Coal plants line the skyline

In more modern times, factories have defined the area. There is, for example, a large Ford car factory just north of the city, although chemical and pharmaceutical seem to be the largest industry here, for example a giant Bayer sign was clearly visible from the air flying in. Of course, all this industry made the area a primary military target during World War II and the city was mostly destroyed. Although I encourage you to remember that it was the British, not the Americans, who really drove the attack of civilian targets during the war, as they were out for revenge for the Blitz.

Now that I have introduced the city, let me really dig into the practicalities of visiting. Having briefly visited Berlin, my impression is that Berlin is a bit more exciting as a city, but Cologne is particularly nice as a base of operations as there are a lot of cool things to see around the area as I will discuss more soon. Cologne is also much easier than the Netherlands to find housing, the Netherlands having been my first desired destination this summer. Although I should confess, I think every city I have ever visited has locals who complain about how hard it is to find a good apartment for a reasonable prices these days. I paid about $2000/month and that was a last minute, only lightly researched choice (a place called the Stayery which was fine, nothing amazing). Cheaper options are likely available.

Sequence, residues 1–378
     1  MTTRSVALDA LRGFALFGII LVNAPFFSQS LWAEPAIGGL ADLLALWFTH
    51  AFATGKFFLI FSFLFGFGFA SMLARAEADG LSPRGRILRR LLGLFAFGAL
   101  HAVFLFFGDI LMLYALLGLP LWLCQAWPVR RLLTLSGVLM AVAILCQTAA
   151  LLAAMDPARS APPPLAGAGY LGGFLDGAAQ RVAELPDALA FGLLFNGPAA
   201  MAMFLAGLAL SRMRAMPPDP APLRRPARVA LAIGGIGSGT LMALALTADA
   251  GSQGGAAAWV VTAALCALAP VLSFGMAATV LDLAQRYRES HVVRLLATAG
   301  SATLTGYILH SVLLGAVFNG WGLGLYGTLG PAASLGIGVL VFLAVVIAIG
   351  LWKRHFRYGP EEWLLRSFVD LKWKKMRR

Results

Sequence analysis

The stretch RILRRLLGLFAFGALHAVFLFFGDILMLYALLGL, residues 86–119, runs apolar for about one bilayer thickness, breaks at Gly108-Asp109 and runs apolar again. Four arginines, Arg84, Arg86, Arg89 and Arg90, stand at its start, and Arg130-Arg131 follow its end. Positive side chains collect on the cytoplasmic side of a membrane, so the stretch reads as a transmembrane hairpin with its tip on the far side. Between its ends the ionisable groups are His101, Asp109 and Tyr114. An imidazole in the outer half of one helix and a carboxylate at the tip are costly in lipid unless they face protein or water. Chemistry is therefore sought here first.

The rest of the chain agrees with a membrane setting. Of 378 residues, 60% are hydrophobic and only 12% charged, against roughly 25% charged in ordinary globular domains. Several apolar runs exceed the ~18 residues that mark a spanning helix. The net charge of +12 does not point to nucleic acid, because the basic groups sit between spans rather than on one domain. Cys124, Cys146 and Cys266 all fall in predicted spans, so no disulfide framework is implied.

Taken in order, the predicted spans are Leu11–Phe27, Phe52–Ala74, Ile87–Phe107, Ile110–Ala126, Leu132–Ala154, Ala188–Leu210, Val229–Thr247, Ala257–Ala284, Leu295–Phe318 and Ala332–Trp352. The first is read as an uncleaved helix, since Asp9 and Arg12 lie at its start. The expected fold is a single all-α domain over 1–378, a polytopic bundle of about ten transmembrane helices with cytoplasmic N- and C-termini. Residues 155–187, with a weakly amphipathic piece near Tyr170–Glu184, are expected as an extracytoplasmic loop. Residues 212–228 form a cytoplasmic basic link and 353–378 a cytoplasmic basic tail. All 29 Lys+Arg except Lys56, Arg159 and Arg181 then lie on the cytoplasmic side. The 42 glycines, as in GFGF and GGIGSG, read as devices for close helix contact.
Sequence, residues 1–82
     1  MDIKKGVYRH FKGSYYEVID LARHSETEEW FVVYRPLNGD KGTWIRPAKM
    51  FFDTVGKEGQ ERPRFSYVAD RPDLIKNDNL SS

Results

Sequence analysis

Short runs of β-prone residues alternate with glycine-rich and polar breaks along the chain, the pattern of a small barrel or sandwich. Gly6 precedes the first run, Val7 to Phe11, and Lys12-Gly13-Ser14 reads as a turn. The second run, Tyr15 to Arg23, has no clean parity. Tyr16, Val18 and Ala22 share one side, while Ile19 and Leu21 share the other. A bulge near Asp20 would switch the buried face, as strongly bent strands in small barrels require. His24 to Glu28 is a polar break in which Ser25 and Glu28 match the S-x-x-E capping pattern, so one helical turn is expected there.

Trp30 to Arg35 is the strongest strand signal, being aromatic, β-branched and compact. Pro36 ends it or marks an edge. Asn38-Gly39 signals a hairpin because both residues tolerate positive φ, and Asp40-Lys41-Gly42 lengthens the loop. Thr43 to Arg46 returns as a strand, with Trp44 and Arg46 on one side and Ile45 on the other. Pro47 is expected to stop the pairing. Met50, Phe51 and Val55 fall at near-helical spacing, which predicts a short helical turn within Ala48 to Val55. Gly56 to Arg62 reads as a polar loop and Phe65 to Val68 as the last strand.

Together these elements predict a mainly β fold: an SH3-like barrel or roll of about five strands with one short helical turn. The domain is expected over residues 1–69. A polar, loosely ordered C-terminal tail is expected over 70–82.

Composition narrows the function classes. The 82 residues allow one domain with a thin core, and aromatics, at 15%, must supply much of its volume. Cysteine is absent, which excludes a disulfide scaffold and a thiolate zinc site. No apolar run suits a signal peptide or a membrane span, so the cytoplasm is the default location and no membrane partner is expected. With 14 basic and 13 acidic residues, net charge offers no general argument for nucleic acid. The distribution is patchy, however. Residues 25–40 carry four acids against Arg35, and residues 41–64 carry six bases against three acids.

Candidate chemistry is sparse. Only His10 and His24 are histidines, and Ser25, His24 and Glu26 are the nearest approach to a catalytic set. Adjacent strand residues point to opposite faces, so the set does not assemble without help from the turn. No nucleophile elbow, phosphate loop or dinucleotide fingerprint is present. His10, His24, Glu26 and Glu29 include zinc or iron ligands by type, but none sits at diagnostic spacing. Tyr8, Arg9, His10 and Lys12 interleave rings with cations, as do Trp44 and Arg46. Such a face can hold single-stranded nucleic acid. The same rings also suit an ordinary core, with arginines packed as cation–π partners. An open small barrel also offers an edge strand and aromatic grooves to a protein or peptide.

Not New York, despite the sign, but a street festival along the road toward Ehrenfeld. Crowded and energetic, as this city often was in the evenings.

The one thing my neighborhood had plenty of was grocery shopping options. I had four decent size supermarkets within 500 meters! Aldi, Lidl, Netto, Rewe. My impression is that food (Lebensmittel) is cheaper here than in any other Western country, thanks to the competition from all the discount providers. Public transit around Cologne is reasonable. I used the KVB app and Google Maps to get around without any major issues. It might seem like stating the obvious, but English is spoken well by nearly everyone in Germany. I had a decent conversation with some ten year old kids at one point, who had much better English that I had German. Still it was really nice to know at least some of the local language – which for me is not the norm most places I visit.